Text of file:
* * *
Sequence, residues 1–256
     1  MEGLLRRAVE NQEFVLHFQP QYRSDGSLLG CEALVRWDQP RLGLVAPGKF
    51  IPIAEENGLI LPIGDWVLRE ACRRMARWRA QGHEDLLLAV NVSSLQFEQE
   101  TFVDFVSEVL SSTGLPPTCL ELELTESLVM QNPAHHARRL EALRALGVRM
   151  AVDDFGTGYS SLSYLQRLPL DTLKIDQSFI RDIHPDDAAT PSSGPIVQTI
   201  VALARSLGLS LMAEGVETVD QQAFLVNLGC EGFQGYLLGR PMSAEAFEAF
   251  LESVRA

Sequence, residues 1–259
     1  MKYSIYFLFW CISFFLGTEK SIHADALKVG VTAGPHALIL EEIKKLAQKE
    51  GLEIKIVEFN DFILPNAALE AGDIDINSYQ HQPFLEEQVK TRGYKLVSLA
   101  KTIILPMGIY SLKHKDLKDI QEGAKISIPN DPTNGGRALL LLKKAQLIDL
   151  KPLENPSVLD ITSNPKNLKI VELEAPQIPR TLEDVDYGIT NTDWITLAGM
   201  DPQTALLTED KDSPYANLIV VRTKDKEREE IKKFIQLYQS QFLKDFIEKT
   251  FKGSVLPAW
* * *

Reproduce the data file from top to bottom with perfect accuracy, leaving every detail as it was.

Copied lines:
Sequence, residues 1–256
     1  MEGLLRRAVE NQEFVLHFQP QYRSDGSLLG CEALVRWDQP RLGLVAPGKF
    51  IPIAEENGLI LPIGDWVLRE ACRRMARWRA QGHEDLLLAV NVSSLQFEQE
   101  TFVDFVSEVL SSTGLPPTCL ELELTESLVM QNPAHHARRL EALRALGVRM
   151  AVDDFGTGYS SLSYLQRLPL DTLKIDQSFI RDIHPDDAAT PSSGPIVQTI
   201  VALARSLGLS LMAEGVETVD QQAFLVNLGC EGFQGYLLGR PMSAEAFEAF
   251  LESVRA

Sequence, residues 1–259
     1  MKYSIYFLFW CISFFLGTEK SIHADALKVG VTAGPHALIL EEIKKLAQKE
    51  GLEIKIVEFN DFILPNAALE AGDIDINSYQ HQPFLEEQVK TRGYKLVSLA
   101  KTIILPMGIY SLKHKDLKDI QEGAKISIPN DPTNGGRALL LLKKAQLIDL
   151  KPLENPSVLD ITSNPKNLKI VELEAPQIPR TLEDVDYGIT NTDWITLAGM
   201  DPQTALLTED KDSPYANLIV VRTKDKEREE IKKFIQLYQS QFLKDFIEKT
   251  FKGSVLPAW